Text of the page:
AT&T CEO Randall Stephenson said that the model that has prevailed in the U.S. wireless industry for years of customers getting subsidized devices in exchange for signing two-year contracts is radically shifting.
LAS VEGAS--I've asked almost every company I've met with so far here at the 2014 Consumer Electronics Show the same question: How would a shift in the U.S. market from device subsidies to device financing affect your business and the wider market? The responses I've received, mainly from handset companies, tended to indicate that if such a shift does take place, the onus will be on OEMs to provide value, either in terms of price or innovation--or both.
Although Apple is the world's No. 2 smartphone maker and, for now, the most popular U.S. smartphone producer, the company's position could be eroded as carriers in developed markets shift away from providing handset subsidies, according to a financial analyst.
Huawei is not giving up entirely on the U.S. market, even if it has concluded that it's not worth it to pursue a substantive network gear business amid continuing security concerns. Instead, the Chinese vendor will focus on building up its handset business, and it may benefit from an ongoing shift away from device subsidies.
Even though Verizon Wireless will follow T-Mobile US and AT&T Mobility with a new smartphone upgrade program, Verizon Communications CFO Fran Shammo said he doesn't think many customers will use the plan and Verizon won't change its service pricing as a result.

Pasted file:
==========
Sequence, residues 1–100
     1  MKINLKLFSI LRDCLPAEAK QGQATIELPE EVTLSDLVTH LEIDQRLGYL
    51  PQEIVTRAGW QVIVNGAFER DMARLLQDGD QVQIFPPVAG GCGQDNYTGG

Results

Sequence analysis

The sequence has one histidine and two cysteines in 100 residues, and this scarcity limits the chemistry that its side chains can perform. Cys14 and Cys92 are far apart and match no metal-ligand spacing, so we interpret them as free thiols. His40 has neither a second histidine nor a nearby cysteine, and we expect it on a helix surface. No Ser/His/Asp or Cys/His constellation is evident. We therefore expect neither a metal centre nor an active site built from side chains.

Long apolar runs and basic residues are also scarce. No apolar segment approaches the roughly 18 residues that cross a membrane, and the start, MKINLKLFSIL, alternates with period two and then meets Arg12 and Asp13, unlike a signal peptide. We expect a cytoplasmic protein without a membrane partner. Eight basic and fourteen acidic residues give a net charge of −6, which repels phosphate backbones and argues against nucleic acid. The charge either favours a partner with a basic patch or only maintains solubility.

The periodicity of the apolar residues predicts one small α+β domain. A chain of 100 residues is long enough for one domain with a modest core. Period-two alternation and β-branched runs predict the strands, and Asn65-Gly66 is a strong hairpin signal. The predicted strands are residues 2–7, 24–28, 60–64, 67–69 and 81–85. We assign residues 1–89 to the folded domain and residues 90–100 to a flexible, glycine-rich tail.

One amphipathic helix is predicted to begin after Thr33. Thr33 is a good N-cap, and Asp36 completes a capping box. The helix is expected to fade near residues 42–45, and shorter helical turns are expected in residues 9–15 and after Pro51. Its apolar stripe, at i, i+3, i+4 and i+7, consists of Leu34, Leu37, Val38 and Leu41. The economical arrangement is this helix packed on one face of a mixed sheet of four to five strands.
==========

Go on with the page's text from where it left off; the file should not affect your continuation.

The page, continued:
T-Mobile US struck back hard against AT&T Mobility's "Next" handset upgrade program, arguing that while the plan tries to copy T-Mobile's "Jump" upgrade program, AT&T is essentially making customers pay for their phones twice with Next.
KPN said it has abandoned its handset-leasing model because of an underwhelming response from subscribers, who told the operator they wanted to own their mobile handsets at the end of their contract terms.
AT&T Mobility will now make customers wait 24 months instead of 20 months to upgrade to a new, subsidized device. The move mirrors one that rival Verizon Wireless announced in April.
The purported plan by the European Commission to launch an investigation into Chinese vendors Huawei and ZTE has run into resistance from European Union member countries over fears that European equipment manufacturers would be shut out of the strong growth market of China in retaliation, Reuters reported.
Concerns over possible state subsidies and security threats have prompted the European Union's trade commissioner to seek the backing of EU states to investigate Chinese equipment vendors Huawei and ZTE, according to a Reuters report. The report cited unnamed EU diplomats.